Race Discourse is a Red Herring

By: Victor Ndomi

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It is only through a socialist revolution that South Africa can be decolonised. And that requires that the African proletariat must reach a level of revolutionary consciousness to realise it’s historic role: to destroy capitalism and unite the African continent on the basis of a proletarian democracy. To reach that revolutionary consciousness, the African proletariat must be galvanised through a revolutionary African nationalism, as the African compradors and other bourgeoisie cannot deliver self-determination in the context of the global centre-periphery dynamic. The primary task therefore is in empowering this African proletariat to attain it’s hegemony as a class, in order that they can self-emancipate.

The race discourse is a red herring when taken outside the context of settler colonialism and global capitalism. It is by situating it as a consequence, rather than the cause, of the raging Afrocide that Max du Preez et al are denying. His raving is essentially for the maintenance of capitalist and settler colonial privilege in such a way that African dispossession is never addressed. That the proceeds of the primitive accumulation are secured. Hence the racial smokescreen.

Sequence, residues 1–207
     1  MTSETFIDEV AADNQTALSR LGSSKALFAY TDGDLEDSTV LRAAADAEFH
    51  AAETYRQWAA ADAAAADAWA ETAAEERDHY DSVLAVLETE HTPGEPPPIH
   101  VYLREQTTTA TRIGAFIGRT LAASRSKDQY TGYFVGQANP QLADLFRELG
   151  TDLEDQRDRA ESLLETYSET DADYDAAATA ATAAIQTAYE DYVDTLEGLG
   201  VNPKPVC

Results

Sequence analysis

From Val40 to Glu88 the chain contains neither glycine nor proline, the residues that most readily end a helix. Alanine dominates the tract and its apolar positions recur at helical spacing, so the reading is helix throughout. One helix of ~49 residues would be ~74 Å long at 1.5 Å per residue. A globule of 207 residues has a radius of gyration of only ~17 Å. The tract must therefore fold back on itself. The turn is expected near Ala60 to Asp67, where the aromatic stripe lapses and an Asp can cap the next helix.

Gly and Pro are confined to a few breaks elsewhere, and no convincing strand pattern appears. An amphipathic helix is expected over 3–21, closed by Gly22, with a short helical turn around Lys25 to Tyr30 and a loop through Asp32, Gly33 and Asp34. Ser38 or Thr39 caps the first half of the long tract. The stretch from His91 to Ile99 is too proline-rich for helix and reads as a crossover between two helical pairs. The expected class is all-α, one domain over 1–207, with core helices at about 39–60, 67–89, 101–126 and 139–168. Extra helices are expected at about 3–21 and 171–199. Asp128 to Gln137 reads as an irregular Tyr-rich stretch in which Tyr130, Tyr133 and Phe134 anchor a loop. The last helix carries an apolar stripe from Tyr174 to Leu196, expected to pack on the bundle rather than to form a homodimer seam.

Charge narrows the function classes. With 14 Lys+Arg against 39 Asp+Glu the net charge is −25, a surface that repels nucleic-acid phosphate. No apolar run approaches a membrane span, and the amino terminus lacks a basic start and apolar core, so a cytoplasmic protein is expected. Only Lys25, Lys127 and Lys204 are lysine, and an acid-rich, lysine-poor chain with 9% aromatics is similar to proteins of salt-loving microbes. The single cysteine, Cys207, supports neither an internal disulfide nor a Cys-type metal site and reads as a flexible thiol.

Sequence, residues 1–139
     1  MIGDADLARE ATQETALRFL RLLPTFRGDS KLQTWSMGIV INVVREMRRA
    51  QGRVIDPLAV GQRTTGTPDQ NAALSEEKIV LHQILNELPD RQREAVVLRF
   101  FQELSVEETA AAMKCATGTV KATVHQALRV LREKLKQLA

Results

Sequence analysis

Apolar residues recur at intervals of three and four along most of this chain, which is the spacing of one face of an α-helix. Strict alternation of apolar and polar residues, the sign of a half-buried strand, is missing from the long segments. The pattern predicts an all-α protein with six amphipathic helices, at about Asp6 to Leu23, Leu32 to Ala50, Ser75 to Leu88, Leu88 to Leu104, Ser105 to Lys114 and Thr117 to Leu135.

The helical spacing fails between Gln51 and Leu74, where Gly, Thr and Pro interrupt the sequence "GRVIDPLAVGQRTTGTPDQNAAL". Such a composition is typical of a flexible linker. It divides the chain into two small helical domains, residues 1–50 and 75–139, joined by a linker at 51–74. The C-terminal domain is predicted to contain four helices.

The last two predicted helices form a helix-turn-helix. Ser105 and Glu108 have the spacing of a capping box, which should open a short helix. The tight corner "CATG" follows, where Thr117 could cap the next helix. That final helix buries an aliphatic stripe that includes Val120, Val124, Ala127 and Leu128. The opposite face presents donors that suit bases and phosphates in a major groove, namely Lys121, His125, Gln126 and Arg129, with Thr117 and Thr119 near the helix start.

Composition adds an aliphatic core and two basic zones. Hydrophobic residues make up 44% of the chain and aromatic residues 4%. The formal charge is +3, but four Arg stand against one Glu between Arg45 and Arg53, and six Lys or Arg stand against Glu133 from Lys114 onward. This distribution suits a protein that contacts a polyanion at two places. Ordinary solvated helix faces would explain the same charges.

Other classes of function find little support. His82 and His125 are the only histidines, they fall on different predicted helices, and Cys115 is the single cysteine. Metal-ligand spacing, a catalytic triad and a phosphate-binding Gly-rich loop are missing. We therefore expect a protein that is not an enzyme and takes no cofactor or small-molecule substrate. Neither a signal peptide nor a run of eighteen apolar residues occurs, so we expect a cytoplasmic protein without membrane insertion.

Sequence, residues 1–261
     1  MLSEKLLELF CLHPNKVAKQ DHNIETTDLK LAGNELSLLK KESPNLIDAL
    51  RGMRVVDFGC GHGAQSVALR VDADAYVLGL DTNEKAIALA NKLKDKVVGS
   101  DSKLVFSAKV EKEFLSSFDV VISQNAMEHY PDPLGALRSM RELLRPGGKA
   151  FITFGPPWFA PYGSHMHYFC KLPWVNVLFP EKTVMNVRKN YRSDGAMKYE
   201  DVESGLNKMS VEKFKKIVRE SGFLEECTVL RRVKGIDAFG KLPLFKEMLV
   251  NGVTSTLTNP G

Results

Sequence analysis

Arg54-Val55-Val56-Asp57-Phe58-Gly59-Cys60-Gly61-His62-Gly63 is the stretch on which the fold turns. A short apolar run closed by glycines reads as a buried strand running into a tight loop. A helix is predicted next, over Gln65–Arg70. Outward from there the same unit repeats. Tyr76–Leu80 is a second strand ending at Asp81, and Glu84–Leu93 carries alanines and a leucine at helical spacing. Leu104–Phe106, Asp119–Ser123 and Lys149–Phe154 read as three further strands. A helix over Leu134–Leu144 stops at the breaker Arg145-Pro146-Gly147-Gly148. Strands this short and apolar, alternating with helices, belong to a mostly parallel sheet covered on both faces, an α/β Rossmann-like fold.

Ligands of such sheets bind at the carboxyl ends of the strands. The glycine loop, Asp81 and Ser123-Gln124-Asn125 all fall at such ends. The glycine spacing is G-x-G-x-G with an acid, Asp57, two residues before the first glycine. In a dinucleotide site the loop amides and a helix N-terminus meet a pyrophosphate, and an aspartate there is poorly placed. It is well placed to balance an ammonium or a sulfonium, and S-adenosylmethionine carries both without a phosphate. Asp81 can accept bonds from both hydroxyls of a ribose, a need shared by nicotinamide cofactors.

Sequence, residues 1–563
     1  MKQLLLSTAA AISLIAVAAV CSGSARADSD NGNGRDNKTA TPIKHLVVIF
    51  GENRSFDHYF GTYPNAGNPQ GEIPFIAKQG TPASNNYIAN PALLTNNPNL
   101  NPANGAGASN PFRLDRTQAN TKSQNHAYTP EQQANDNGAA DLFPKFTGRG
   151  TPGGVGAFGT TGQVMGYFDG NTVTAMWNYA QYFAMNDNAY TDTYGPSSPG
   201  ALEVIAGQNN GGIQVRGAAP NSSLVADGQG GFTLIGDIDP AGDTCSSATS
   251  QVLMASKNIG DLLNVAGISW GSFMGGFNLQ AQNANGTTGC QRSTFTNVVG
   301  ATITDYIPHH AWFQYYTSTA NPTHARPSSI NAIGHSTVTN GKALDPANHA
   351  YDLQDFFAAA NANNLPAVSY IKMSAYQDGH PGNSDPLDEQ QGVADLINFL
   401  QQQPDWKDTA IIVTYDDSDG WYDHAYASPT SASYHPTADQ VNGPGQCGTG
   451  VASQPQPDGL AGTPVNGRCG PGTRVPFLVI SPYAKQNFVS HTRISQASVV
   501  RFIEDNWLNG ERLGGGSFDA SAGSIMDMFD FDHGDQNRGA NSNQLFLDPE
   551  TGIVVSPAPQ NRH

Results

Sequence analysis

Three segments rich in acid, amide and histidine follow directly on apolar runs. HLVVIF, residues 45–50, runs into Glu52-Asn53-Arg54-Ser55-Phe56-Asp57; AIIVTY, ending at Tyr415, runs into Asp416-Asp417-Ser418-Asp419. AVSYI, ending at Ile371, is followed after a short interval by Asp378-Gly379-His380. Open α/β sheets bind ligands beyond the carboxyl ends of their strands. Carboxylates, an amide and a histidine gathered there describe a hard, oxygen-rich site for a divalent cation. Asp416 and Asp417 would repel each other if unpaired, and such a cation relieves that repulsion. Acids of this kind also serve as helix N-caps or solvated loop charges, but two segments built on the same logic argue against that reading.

I wish to foreground the centrality of the dispossession rather than the racial issue, as the latter flows from the former. It is only by revolutionarily resolving the colonial situation that the race question can be addressed. I regard Apartheid denialism as a modern day perpetuation of colonial doctrine- not because of its obvious white racism, but its deferring of the problemitisation of settler colonialism. I regard it as a cunning subterfuge. All the leaders of the Broederbond had one purpose: to creatively strive for an exclusively advantageous position for the European settlers. It was always about material and spiritual interests against those of the African. I believe none of them were foolish enough to believe their very own racist propaganda. Reducing the primary contradiction to racism, is therefore acquiescence to settler colonialism.

The Agrarian question cannot be resolved outside the framework of decolonisation. Giving African people plots of land is not decolonisation. Decolonisation is African self-determination, which is possible only through the ascendancy of the African proletariat to power. All the peoples of this country can only attain true freedom through the hegemony and democratic dictatorship of the African proletariat, in a social order in which race “is as irrelevant as the shape of one’s ears.”